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re: Eric Gordon and the Kobe Assist


quote:

The point of the article is Gordon should drive more and shoot less, not that Gordon is special.


True, as not every guard can drive to the basket as well as he can when he's right. Hopefully those #'s will change next year when he feels like he has his explosiveness completely back.






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Eman5805
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re: Eric Gordon and the Kobe Assist


Because a missed shot is the best chance a teammate. Has to get the ball from Kobe.





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Jester
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re: Eric Gordon and the Kobe Assist


quote:

I would imagine this principle would be important for Rivers to understand as he develops too, and is also why the Hornets really needs another guy that can get into the lane at will.


I don't necessarily think it's about getting to the basket as much as HOW you're attacking the basket. Vasquez gets to the cup and draws help, but he attacks in a kind of post-up/drive hybrid. He's not going unimpeded to the rack like Rivers and Gordon blowing past their man, which is where the back side post defender is leaving his man to stop the drive.

Gordon also uses his strength to almost bull rush defenders and leave them completely off balance and unable to jump for rebounds.






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Jester
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re: Eric Gordon and the Kobe Assist


quote:

This seems like it would be true for most players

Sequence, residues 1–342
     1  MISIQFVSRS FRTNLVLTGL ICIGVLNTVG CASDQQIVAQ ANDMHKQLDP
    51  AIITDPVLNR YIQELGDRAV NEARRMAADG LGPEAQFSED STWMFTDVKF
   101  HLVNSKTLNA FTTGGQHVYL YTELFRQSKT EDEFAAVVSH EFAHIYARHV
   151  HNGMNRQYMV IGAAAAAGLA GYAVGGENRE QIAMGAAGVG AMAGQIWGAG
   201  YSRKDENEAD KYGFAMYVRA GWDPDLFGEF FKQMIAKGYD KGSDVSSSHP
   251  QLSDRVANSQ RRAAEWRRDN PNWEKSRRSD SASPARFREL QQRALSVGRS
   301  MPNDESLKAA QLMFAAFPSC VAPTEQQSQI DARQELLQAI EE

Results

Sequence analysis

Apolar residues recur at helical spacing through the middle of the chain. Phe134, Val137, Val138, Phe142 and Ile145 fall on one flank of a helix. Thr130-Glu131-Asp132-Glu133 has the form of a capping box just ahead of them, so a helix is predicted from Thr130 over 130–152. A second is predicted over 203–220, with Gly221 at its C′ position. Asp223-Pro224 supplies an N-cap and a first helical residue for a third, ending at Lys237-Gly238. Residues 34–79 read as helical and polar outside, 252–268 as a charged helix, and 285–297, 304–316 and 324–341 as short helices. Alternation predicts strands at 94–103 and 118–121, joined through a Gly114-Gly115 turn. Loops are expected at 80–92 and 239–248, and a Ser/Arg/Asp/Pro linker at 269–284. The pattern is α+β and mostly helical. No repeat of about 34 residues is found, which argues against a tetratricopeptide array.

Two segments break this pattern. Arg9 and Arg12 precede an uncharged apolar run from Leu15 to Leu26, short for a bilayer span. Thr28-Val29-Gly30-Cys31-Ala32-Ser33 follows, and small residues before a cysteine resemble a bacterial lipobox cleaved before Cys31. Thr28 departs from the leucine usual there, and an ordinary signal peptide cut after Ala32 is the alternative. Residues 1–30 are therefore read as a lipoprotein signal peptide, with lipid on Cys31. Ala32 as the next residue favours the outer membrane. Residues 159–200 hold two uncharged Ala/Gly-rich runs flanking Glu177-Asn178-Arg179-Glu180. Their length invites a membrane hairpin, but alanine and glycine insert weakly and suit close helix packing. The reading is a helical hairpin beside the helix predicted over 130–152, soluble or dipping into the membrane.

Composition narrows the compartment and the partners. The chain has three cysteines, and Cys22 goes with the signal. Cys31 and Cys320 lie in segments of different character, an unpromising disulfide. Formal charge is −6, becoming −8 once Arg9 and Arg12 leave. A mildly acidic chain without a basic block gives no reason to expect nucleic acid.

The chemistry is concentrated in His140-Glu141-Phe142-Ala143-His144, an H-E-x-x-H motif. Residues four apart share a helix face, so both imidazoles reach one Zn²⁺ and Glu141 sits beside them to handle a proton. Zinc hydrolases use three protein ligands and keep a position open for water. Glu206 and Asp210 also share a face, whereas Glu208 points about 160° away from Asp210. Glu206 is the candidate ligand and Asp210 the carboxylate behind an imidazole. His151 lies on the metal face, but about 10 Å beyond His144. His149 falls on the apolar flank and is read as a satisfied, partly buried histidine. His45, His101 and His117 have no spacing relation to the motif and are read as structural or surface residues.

I'd be interested in seeing the numbers on 15-20 guards. Seems like when you drive, you attract more of the D, giving your guys a better chance at a board. I could be totally wrong but this seems like it has a chance to be the norm for a lot of players.



Not everyone has the first step necessary to make it work. Also, a make is a much better outcome than a 49% chance at a rebound, so the driver needs to hit at a decent clip to make it work. Austin really needs to work on finishing.






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Jester
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re: Eric Gordon and the Kobe Assist


quote:

Because a missed shot is the best chance a teammate. Has to get the ball from Kobe.



It seems to have worked out for him so far in his career.






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drake20
New Orleans Saints Fan
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re: Eric Gordon and the Kobe Assist


quote:

Gordon misses off drives retained possession 47% of the time


That seems high.

...This is a pretty good example of the not so obvious impact players can have on games (Things that don't show up in the box score/basic stats).

Also, Lopez, Davis, and Aminu average 2.6, 2.5, and 1.7 offensive rebounds per game, respectively.



This post was edited on 3/21 at 9:27 am